An IPad-Windows Workflow Design For A Computer Science Student #1 | Paperless X
We have reviewed plenty of apps in the past couple of years. Our team is always trying to introduce new apps as much as we can, to give you guys a wider variety of digital tools to choose from. However, we have learnt that picking the right digital tools seems to be more difficult than knowing how to use them.
Check out the YouTube video instead: https://youtu.be/Rfsh0GNO_Sw
Bicycleman (this is the name he preferred us to use) is an undergrad computer science student. His workflow mostly involves reading research papers and books in GoodNotes, he uses it because Notability doesn’t support contents pages in PDFs. He then handwrites his notes in Notability because they have a lot of mathematics items. He also uses Notability for his planning using the time block system by Cal Newport.
Bicycleman challenged us to find him a system that allows him to sync his calendar and PDF documents with his Windows computer to be able to edit them there.
Ropsie: Uncle Dan and I, each had to come up with solutions for this challenge. I read about the time block method by Cal Newport, to appreciate what it is and why he’s doing it in Notability.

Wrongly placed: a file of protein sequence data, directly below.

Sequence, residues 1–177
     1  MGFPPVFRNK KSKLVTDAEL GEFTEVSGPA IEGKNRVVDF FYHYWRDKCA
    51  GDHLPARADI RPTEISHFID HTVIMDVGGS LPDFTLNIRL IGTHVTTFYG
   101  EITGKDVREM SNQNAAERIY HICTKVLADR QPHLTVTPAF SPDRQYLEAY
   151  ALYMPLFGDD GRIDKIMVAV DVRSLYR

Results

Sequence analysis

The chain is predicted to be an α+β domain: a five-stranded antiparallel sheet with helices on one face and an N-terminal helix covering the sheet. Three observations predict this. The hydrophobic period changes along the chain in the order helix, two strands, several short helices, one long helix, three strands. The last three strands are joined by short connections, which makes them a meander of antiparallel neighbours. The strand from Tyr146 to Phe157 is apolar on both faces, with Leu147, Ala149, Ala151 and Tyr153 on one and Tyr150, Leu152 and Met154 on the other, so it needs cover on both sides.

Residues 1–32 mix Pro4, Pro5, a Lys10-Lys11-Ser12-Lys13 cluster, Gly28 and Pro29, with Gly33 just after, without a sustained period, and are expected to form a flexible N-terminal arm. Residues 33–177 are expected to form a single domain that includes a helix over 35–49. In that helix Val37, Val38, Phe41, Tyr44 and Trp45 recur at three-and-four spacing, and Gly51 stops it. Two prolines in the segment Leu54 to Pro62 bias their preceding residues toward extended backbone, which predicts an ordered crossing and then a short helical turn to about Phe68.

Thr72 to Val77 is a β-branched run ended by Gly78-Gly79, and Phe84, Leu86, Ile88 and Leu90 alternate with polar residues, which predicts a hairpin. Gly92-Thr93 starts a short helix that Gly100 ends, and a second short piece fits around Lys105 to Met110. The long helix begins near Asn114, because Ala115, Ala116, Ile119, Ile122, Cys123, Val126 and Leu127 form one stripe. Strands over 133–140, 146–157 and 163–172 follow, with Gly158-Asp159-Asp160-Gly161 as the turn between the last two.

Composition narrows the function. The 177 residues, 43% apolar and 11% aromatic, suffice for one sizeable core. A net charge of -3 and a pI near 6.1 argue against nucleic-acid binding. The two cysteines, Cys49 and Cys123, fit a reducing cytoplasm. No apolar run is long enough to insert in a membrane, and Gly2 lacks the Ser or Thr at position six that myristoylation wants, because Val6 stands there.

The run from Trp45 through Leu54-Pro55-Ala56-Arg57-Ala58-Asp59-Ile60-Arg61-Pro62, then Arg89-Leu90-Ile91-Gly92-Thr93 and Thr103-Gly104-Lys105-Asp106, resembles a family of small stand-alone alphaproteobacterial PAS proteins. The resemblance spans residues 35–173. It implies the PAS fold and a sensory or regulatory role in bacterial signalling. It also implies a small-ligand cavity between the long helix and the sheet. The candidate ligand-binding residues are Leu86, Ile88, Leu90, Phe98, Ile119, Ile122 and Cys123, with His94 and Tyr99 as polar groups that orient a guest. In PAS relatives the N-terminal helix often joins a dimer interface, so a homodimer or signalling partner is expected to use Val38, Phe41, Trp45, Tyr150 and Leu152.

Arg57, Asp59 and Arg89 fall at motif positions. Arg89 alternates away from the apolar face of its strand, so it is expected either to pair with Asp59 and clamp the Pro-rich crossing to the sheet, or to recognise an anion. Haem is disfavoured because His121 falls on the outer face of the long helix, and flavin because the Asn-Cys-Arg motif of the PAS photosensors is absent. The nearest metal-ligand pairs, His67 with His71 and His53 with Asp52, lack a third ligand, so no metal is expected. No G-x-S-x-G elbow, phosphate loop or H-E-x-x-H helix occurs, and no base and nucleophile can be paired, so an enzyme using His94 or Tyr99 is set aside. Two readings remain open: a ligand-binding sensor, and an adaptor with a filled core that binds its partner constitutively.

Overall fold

Uncle Dan: I went straight to trying different apps to replace Notability & GoodNotes in his workflow. When you have a Windows PC in your workflow, you certainly can’t be using GoodNotes or Notability because they are limited to the Apple ecosystem.
Ropsie: That indeed is correct!
Uncle Dan: Since Bicyleman is a student, I looked for something affordable, which eliminated subscriptions and expensive one-time purchases as potential solutions.
Uncle Dan’s solution
To sync across different operating systems, Adobe Acrobat Reader might be a solution for him. It’s available, for free, on the iPad and Windows. The Adobe Document Cloud is free storage for syncing your documents (in the app) across different devices. It works the same way iCloud syncing does, in that, you can have the same notes on your iPad, iPhone and Macbook. The only difference is that Adobe Document Cloud also syncs to your Android and Windows as well.